But if titles using childhood nicknames that reference foods or their preparation is my goal, well, readers, I'll be honest at the outset here: this thing could have a good many. Susu may have been been the most frequently invoked, but my mother, father, and siblings had several others for me, among them Meatball and Muffin.
Spend five minutes looking through our family photos, and you'd understand that these weren't random terms of endearment. I was a kid who could eat. I was also a kid who didn't own a piece of clothing that didn't have some sort of ambiguous stain faded into its fibers: lo mein, perhaps, or chocolate sauce, hopefully? So, what parents would call " a good (if messy) eater."
Although my little brother would probably contest this, given that his dislike of any foods that weren't white or light brown led to a lot of crying and occasional gagging at the dinner table, it wasn't hard to be a good eater in my family. My earliest memories of my father involve accompanying him on trips to the grocery store and watching him chop, broil, roll out, saute, or food-process the heck out of something. He received cookbooks every Christmas and didn't throw out an issue of Gourmet or Bon Appetit from approximately 1985- 2002 (this isn't to say they were neatly catalogued; in the years before most were recycled during my parents' most recent move, they were stacked to 3 ft behind an old set of bar furniture in our living room--hey, this is going to be a food blog rather than a home-decorating blog for a reason).
While my parents' cooking changed along with the rest of America's over the years, as cilantro and fish sauce and salsa went from This Just In status to being mass-produced, certain things stayed the same. It was never out of the ordinary for my dad to spend his entire Saturday in the kitchen or to go to three different stores every Sunday for various ingredients. While I may have been the only one of my siblings to get very excited for Taco Night or to actually like steak, I nevertheless didn't understand why someone would spend hours on the hunt for the best Jersey produce stand. Like most children, what I didn't understand about my parents when I was small gave way to what I detested about them when I was an adolescent. I remember many a Sunday dinner when my dad's "Do you like it?" was met with eye-rolling and grunting of an intensity that only teenagers can muster.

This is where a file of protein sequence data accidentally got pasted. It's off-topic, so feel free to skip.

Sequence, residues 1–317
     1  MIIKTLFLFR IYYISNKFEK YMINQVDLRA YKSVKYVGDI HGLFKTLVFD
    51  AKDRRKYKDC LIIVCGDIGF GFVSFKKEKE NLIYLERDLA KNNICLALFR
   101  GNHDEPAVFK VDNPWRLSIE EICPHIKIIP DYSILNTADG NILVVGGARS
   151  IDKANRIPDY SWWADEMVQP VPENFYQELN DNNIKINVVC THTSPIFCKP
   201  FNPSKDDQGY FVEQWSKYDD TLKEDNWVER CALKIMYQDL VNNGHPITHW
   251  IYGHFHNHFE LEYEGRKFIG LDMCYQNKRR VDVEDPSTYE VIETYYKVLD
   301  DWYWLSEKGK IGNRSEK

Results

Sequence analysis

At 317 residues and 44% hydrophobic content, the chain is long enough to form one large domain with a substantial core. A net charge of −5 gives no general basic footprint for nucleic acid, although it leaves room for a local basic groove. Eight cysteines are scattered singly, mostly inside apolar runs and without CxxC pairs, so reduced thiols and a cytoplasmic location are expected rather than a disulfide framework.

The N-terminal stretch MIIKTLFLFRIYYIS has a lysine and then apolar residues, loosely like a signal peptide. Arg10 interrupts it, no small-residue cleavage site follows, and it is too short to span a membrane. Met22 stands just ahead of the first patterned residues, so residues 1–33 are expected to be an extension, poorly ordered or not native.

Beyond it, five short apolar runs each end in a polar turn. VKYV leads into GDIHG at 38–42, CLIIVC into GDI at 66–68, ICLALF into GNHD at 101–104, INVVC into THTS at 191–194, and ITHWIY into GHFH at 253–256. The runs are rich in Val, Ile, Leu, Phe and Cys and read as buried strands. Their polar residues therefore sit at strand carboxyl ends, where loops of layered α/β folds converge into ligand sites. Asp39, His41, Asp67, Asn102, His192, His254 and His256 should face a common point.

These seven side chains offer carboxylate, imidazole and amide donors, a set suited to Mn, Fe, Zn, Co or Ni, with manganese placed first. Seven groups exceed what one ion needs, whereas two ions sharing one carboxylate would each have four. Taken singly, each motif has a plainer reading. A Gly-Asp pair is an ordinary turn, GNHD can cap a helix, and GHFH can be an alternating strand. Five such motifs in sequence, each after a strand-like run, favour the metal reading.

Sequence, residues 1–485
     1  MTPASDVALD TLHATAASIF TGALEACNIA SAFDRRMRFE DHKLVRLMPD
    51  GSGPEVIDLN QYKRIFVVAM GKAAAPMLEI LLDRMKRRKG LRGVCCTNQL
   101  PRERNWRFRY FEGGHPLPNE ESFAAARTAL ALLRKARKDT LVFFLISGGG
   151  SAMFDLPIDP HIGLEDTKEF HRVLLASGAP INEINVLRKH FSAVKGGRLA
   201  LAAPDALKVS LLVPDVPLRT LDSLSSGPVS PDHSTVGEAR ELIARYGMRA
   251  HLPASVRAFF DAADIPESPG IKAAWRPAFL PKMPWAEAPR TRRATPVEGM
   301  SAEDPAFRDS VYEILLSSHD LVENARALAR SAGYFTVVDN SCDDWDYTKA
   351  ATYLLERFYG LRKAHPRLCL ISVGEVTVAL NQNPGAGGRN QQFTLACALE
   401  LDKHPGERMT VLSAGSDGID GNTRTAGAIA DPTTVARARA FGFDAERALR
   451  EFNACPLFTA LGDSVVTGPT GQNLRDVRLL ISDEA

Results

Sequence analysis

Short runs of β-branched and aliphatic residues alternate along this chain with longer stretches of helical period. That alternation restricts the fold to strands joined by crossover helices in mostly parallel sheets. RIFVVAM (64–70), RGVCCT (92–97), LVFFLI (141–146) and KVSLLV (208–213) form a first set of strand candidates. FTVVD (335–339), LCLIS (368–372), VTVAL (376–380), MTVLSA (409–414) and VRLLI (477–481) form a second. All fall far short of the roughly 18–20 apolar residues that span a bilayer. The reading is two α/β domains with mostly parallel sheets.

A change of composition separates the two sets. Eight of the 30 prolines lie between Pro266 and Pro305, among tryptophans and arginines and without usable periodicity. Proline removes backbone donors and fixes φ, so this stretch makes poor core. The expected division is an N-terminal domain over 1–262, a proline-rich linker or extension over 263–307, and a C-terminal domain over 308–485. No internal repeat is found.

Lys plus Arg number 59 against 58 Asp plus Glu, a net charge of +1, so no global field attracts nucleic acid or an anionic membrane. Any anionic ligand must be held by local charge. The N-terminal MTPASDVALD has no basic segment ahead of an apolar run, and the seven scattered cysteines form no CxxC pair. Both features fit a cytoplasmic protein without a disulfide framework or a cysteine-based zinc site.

So it was with more than a bit of surprise when one day, two years ago or so, as I was making caramel to dress a dessert course to follow three previous courses for a small dinner party we were hosting, that I realized I'd spent the past eight hours in the kitchen. That I'd sliced, roasted, and pureed the heck out of ingredients I'd gathered from three different stores. That I had flour underneath my fingernails and...was that...a piece of chicken fat on my jeans?
That I'd had a blast.
As anyone who knows me can attest, I'm still hard-pressed to pull things out of my closet that aren't stained. This is the kind of cook I am: diligent but imprecise, adventurous but untrained. My cooking philosophy errs to the side of "why not just pour the whole bottle in?" and "is sifting really necessary?" I'll be lucky if I ever develop the kind of skills wielded by a sous chef, but that's not at all the purpose of this blog. I'm here to write about good food and the things, or more properly, people that make it worthwhile. I am happiest at a table with family or friends, whether we're eating peanut butter toast or a country pate. Actually, how about both? Are you still there?
I don't know exactly what course this blog will take, but I hope you'll come along. All I can say now is that it will probably involve a scandalous amount of this:
A decent amount of this:
And a necessary amount of this:
Welcome to Chef Sue Sous. Here's to plenty of meatballs and muffins.